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The Kids Are All Right Review


RATING:
(3.5 STARS)

“The Kids Are All Right” is an extraordinary film about the inner workings of a “non-traditional” family. The film, exquisitely directed by Lisa Cholodenko, tells a story that’s unique to these characters, but its ability to capture the messy feelings and relationships inherent in any family is what elevates it from great to exceptional. It helps to have three of the finest actors working today at the absolute top of their games. Annette Bening and Mark Ruffalo have never been better, while Julianne Moore nearly matches her unforgettable work in Far From Heaven. Equal parts funny and emotional, the film hits all the right notes, creating one of the most enjoyable movie-going experiences in quite some time.

Nic (Bening) and Jules (Moore) are married and raising two teenage children. Both women received sperm from the same donor and had their own child, making Joni (Mia Wasikowska) and Laser (Josh Hutcherson) half-siblings. When Joni turns 18, her brother urges her to seek out their biological father (he’s not old enough). Enter Paul (Ruffalo)—a hip, organic farm owner. The kids click with him, and he realizes his desire to have a family. When he meets Nic and Jules, he is met with opposition, but only from one of them. Nic believes Paul is an interloper and doesn’t like the way her kids are changing as a result of spending time with him. Jules, however, begins working for Paul (as a landscape designer) and is fine with his new relationship with her kids. But as the divide between Nic and Jules grows over the Paul issue, Jules grows closer to him, and soon, they begin having an affair.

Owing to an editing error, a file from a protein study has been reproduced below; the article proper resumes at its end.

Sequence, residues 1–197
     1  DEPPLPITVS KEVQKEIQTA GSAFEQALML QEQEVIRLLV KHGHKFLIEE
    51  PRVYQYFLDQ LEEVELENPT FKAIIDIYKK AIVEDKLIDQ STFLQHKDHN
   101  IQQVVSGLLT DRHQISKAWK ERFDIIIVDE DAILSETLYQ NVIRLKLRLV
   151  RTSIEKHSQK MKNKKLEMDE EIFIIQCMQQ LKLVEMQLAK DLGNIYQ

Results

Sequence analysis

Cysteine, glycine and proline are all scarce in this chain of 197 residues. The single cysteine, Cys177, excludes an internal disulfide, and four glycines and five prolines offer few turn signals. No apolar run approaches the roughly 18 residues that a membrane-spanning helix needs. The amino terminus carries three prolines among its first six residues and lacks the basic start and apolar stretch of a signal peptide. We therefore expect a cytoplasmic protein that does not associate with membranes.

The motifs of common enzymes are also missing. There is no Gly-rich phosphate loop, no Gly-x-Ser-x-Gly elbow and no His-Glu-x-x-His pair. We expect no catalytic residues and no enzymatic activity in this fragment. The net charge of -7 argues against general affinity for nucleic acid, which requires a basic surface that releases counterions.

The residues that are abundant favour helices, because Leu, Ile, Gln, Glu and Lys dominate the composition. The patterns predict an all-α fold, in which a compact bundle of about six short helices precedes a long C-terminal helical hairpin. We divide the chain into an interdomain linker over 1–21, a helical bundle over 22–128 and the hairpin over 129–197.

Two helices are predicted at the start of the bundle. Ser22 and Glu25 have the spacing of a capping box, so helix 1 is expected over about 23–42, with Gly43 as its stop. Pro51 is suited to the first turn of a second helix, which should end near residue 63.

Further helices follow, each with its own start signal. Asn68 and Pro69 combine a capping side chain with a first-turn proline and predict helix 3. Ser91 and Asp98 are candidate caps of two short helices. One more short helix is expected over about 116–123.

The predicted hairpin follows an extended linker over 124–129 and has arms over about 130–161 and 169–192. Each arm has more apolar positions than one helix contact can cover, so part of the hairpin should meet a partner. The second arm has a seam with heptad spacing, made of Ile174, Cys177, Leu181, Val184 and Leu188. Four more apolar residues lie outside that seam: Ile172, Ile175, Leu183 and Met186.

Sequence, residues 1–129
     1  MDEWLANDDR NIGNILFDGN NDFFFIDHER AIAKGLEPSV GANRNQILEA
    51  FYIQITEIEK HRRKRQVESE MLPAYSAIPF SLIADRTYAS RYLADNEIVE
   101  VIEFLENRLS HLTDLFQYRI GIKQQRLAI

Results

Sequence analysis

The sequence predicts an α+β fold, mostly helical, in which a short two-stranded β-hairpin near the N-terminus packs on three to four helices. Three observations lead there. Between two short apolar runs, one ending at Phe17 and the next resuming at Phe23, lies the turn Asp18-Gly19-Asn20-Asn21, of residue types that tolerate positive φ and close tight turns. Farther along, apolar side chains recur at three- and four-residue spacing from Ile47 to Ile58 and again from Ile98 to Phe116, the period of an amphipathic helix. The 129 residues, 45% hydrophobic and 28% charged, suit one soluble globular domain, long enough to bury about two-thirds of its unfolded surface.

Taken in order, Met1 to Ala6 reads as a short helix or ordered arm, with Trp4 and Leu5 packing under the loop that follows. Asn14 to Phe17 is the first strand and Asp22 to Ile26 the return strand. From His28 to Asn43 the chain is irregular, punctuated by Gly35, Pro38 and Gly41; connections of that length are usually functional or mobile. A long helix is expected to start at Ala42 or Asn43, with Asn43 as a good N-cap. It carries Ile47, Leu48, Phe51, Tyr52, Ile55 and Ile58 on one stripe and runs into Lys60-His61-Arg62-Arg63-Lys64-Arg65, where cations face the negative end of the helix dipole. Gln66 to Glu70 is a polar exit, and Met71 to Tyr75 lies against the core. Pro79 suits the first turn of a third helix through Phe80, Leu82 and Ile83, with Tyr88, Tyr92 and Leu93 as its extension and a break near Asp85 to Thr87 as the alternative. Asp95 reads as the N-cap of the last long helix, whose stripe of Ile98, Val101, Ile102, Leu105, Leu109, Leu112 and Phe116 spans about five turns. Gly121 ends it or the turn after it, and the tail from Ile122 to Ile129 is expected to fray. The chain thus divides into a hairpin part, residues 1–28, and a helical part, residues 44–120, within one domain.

It’s fascinating the way Cholodenko uses the problems within this family as parables to the problems within every family. Watching the way these individuals deal with their issues is “The Kids Are All Right’s” chief pleasure. It all feels natural, never forced. And the film doesn’t have a typical clean Hollywood ending, which I appreciated. There’s enough closure for it to feel satisfying, but as with real life, things don’t ever simply end. There’s definitely more of this story to be told.

Since seeing it, I’ve changed my mind countless times on the issue of who gives the best performance. I think I’ve landed on Bening, simply because I think her character is probably the hardest to pull off. Nic isn’t a very likeable individual. She is cold toward Jules and tries to control the entire family. But we sympathize with her and her wish for her family to go back to normal. It’s amazing work, and it very well might get Mrs. Warren Beatty the Oscar she has been waiting for.

Her biggest competition might just come from her on-screen wife, however. Moore is also incredible as Jules. Her character is more passive. The dominant personalities around her shape her actions, but the quagmire she gets herself into forces her hand. It’s definitely an interesting transformation.

The final third of the main trio is Mark Ruffalo. This is the best work he has ever done and will almost surely get him his first Oscar nod. Paul is the kind of man who doesn’t think things through, but something changes in him when he meets his children. He makes obvious mistakes throughout the film, but he does so with only the best intentions. Even when the magnitude of his sins is made clear, we still feel for him.

Solid performances are also given by Wasikowska and Hutcherson as Joni and Laser. The writing in the film is as good as it gets, seamlessly flowing from hilarity to seriousness. Even the camerawork, something that’s not usually singled out in films like this, is tremendous. It’s clear this was a labor of love for Cholodenko, and her hard work paid off. “The Kids Are All Right” is one of the best of the year and will likely attract major attention from the Academy early next year.

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